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JMIR Res Protoc. 2020 Feb 10;9(2):e16657. doi: 10.2196/16657.

Measuring the Effects of Sharing Mobile Health Data During Diabetes Consultations: Protocol for a Mixed Method Study.

Author information

1
Norwegian Center for E-health Research, University Hospital of North Norway, Tromsø, Norway.
2
Department of Clinical Medicine, University of Tromsø-The Arctic University of Norway, Tromsø, Norway.
3
Department of Computer Science, University of Tromsø-The Arctic University of Norway, Tromsø, Norway.
4
Department of Internal Medicine, University Hospital of North Norway, Tromsø, Norway.
5
Department of Community Medicine, University of Tromsø-The Arctic University of Norway, Tromsø, Norway.
6
Centre for Quality Improvement and Development, University Hospital of North Norway, Tromsø, Norway.
7
Faculty of Health and Sport Science, University of Agder, Grimstad, Norway.
#
Contributed equally

Abstract

BACKGROUND:

There is rising demand for health care's limited resources. Mobile health (mHealth) could be a solution, especially for those with chronic illnesses such as diabetes. mHealth can increases patients' options to self-manage their health, improving their health knowledge, engagement, and capacity to contribute to their own care decisions. However, there are few solutions for sharing and presenting patients' mHealth data with health care providers (HCPs) in a mutually understandable way, which limits the potential of shared decision making.

OBJECTIVE:

Through a six-month mixed method feasibility study in Norway, we aim to explore the impacts that a system for sharing patient-gathered data from mHealth devices has on patients and HCPs during diabetes consultations.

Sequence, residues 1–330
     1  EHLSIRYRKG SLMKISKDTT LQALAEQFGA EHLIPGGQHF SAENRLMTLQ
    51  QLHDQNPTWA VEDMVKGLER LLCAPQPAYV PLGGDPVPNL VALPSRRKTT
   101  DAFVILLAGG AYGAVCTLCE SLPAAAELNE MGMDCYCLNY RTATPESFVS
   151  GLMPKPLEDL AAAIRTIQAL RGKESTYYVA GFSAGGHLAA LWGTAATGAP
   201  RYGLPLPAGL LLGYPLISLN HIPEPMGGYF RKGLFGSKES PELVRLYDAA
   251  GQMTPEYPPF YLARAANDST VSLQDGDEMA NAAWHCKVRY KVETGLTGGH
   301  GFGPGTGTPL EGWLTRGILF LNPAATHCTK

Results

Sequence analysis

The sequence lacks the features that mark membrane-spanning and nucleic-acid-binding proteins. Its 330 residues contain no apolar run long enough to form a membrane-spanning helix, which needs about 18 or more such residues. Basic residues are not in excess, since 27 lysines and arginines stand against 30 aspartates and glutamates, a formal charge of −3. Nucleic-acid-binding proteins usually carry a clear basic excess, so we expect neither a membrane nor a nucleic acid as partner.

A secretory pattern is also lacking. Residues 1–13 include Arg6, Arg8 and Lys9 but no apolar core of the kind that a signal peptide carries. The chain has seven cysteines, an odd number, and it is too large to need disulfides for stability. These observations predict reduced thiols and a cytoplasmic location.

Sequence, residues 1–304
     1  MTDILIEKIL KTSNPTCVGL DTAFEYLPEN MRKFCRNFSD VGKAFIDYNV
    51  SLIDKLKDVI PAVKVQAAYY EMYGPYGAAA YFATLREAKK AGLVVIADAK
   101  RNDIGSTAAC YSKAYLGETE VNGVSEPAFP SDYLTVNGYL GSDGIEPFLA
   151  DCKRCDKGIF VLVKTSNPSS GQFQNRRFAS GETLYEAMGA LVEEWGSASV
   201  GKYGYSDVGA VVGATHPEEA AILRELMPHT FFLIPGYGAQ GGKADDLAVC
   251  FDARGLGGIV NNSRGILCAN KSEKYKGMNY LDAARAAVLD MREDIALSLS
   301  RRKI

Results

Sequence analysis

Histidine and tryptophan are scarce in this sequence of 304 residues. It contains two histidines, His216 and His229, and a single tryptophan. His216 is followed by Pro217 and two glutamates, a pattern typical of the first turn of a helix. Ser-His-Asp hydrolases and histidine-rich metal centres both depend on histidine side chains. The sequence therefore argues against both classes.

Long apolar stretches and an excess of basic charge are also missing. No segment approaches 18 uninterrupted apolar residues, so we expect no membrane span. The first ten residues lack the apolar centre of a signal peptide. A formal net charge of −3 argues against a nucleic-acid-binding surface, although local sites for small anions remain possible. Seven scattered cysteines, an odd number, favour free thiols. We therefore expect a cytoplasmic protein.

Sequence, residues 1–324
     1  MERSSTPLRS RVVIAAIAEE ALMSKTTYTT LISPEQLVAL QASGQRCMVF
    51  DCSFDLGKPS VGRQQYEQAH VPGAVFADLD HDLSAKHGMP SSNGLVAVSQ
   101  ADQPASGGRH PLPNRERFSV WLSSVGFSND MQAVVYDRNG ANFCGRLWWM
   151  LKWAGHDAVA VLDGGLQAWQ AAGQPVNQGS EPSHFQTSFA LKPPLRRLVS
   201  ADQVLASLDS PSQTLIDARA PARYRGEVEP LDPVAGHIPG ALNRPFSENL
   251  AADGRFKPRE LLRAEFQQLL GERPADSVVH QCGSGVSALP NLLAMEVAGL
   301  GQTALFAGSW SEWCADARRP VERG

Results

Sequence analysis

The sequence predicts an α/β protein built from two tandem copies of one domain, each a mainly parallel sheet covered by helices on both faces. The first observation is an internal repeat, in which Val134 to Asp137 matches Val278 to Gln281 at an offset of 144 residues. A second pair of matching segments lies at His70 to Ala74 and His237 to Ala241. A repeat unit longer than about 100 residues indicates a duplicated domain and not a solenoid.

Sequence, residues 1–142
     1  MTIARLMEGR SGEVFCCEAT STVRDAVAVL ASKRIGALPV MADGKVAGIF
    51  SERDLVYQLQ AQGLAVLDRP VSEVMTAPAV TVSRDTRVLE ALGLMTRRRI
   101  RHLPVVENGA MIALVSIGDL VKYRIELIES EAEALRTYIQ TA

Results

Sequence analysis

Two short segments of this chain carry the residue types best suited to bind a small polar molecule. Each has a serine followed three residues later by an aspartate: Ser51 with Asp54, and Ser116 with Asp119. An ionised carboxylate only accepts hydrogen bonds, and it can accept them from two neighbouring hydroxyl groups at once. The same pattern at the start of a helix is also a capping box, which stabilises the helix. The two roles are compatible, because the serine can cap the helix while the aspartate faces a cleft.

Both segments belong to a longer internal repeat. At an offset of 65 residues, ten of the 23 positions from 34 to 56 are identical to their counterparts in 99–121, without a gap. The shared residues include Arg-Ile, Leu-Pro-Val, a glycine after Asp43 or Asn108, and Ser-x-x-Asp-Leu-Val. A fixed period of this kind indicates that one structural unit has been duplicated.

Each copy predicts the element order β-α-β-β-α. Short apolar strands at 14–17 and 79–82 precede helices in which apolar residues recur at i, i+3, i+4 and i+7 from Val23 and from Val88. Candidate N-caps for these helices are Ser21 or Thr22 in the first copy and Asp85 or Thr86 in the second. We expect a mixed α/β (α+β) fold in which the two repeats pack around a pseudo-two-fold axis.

METHODS:

Patients with diabetes will be recruited through their HCPs. Participants will use the Diabetes Diary mobile phone app to register and review diabetes self-management data and share these data during diabetes consultations using the FullFlow data-sharing system. The primary outcome is the feasibility of the system, which includes HCP impressions and expectations (prestudy survey), usability (System Usability Scale), functionalities used and data shared during consultations, and study-end focus group meetings. Secondary outcomes include a change in the therapeutic relationship, patient empowerment and wellness, health parameters (HbA1c and blood pressure), and the patients' own app-registered health measures (blood glucose, medication, physical activity, diet, and weight). We will compare measures taken at baseline and at six months, as well as data continuously gathered from the app. Analysis will aim to explain which measures have changed and how and why they have changed during the intervention.

RESULTS:

The Full Flow project is funded for 2016 to 2020 by the Research Council of Norway (number 247974/O70). We approached 14 general practitioner clinics (expecting to recruit 1-2 general practitioners per clinic) and two hospitals (expecting to recruit 2-3 nurses per hospital). By recruiting through the HCPs, we expect to recruit 74 patients with type 2 and 33 patients with type 1 diabetes. Between November 2018 and July 2019, we recruited eight patients and 15 HCPs. During 2020, we aim to analyze and publish the results of the collected data from our patient and HCP participants.

CONCLUSIONS:

We expect to better understand what is needed to be able to share data. This includes potential benefits that sharing patient-gathered data during consultations will have on patients and HCPs, both individually and together. By measuring these impacts, we will be able to present the possibilities and challenges related to a system for sharing mHealth data for future interventions and practice. Results will also demonstrate what needs to be done to make this collaboration between HCPs and patients successful and subsequently further improve patients' health and engagement in their care.

KEYWORDS:

data sharing; diabetes; mHealth; patient-gathered data; therapeutic relationship

PMID:
32039818
DOI:
10.2196/16657
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